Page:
In his new book, Adapt, economic journalist Tim Harford tells the story of ‘Geoff’, a man who is determined to reduce his carbon emissions. As he goes through his day, Harford shows Geoff making a series of well-intentioned mistakes: going out of his way to wash his dishes by hand rather than use the dishwasher (Harford argues that the dishwasher has a smaller carbon footprint), but then choosing to tumble-dry rather than line-dry his clothes (which uses significantly more carbon). Geoff buys energy-efficient lightbulbs, but then decides not to install them until his existing ones pop (which will cost him more). He switches off his mobile phone charger, but leaves his desktop computer on standby (Harford tell us that the computer uses 100 times as much energy).
The point of Harford’s story is that solving climate change through personal action alone is hard. Even if we had a sophisticated computer program that could tell us the carbon intensity of a particular decision, how many of us would bother to check it?
Thankfully, there’s a simpler solution. The effect of putting a price on carbon is to change prices so that they reflect the carbon emissions embodied in them. Under a carbon price, an environmentalist doesn’t have to know precisely how a product was made – you just need to look at the price tag. By modestly changing prices (overall price impacts will be just 0.7 percent), carbon prices will change consumption patterns. As any marketer can tell you, customers already flock to cheaper brands. With a carbon price, there will be an incentive to choose the low-carbon option.
This incentive will exist for both firms and households. For firms, carbon pricing will encourage them to think hard about how they can reduce emissions. A recent Economist article gave the example of the potato chip firm Walkers, which discovered its carbon footprint was unexpectedly high.
‘It turned out that because Walkers was buying its potatoes by gross weight, farmers were keeping their potatoes in humidified sheds to increase the water content. Walkers then had to fry the sliced potatoes for longer to drive out the extra moisture. By switching to buying potatoes by dry weight, Walkers could reduce frying time by 10% and farmers could avoid the cost of humidification. Both measures saved money and energy and reduced the carbon footprint of the final product.’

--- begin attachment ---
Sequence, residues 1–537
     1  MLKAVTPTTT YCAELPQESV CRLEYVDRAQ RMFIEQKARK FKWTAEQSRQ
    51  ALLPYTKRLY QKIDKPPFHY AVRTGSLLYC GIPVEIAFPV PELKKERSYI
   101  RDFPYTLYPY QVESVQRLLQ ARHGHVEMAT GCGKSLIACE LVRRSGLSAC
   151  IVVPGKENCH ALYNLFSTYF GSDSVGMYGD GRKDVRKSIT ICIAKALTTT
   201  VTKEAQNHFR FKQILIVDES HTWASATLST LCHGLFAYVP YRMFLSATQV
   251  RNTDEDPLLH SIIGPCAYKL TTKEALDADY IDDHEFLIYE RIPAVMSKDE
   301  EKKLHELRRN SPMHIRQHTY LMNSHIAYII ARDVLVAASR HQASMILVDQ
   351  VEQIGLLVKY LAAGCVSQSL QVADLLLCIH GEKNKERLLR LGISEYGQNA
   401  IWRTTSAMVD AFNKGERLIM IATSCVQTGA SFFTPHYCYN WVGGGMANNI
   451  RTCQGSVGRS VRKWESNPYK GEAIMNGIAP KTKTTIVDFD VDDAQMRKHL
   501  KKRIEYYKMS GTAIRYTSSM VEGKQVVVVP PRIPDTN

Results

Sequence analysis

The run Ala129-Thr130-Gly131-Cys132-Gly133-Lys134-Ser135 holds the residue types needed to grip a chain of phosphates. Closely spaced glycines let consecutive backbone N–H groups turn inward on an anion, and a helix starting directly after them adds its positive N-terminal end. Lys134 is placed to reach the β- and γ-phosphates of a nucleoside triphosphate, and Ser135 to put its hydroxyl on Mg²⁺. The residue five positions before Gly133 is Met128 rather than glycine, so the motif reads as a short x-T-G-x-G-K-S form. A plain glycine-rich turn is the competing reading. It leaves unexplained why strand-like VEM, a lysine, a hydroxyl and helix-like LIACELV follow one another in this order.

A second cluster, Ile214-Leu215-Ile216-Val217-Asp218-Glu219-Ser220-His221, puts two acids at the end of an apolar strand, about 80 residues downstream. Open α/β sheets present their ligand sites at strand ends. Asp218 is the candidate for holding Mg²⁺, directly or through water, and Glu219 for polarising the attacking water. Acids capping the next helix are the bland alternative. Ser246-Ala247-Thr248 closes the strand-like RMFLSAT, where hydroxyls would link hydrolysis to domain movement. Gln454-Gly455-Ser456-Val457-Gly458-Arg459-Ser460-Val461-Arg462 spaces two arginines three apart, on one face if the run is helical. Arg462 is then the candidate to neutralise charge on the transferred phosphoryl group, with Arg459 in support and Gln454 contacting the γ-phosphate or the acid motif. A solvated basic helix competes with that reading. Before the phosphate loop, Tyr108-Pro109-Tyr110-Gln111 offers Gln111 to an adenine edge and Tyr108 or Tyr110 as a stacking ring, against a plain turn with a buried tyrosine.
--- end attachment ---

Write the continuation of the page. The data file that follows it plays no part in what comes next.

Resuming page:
With carbon pricing, we can expect to see simple changes like this taking place inside each of the 500 large polluters, as managers and workers look together for ways to reduce emissions. The better companies succeed, the more that business assistance can be used to grow the firm and increase employment.
Changing prices and providing assistance is the Labor way of achieving reform. As Paul Keating pointed out on Lateline, this is precisely why we floated the dollar. But it’s also a simple description of trade liberalisation (which reduced prices of imported vehicles and clothing, and provided industry assistance for textile and car workers), as well as the Accord itself (which kept real wages constant in exchange for improvements in the social safety net).
Unlike previous Liberal Party leaders – and conservative leaders in Britain and New Zealand – Tony Abbott refuses to accept that the market can be used to solve environmental problems. (Perhaps this suspicion of markets isn’t so surprising from a self-confessed admirer of the late BA Santamaria.) What Mr Abbott fails to realise is that a government that won’t use price signals has to fall back on heavy-handed alternatives like regulation, mandates and bans. That’s why the Coalition’s ‘Direct Action’ plan is so much more expensive – and less effective – than the Gillard Government’s Clean Energy Future approach. We’re now in the ‘Bizarro World’ in which Tony Abbott is the proponent of highly interventionist solutions, while Labor favours the market-based approach of pricing carbon.
Little wonder that a poll of members of the Economic Society of Australia, released at last week’s Australian Conference of Economists, found that 79 percent agreed with carbon pricing, while only 12 percent supported direct regulation. When it comes to reducing carbon pollution, a carbon price is the only sensible way to go.
(Cross-posted at the ALP blog)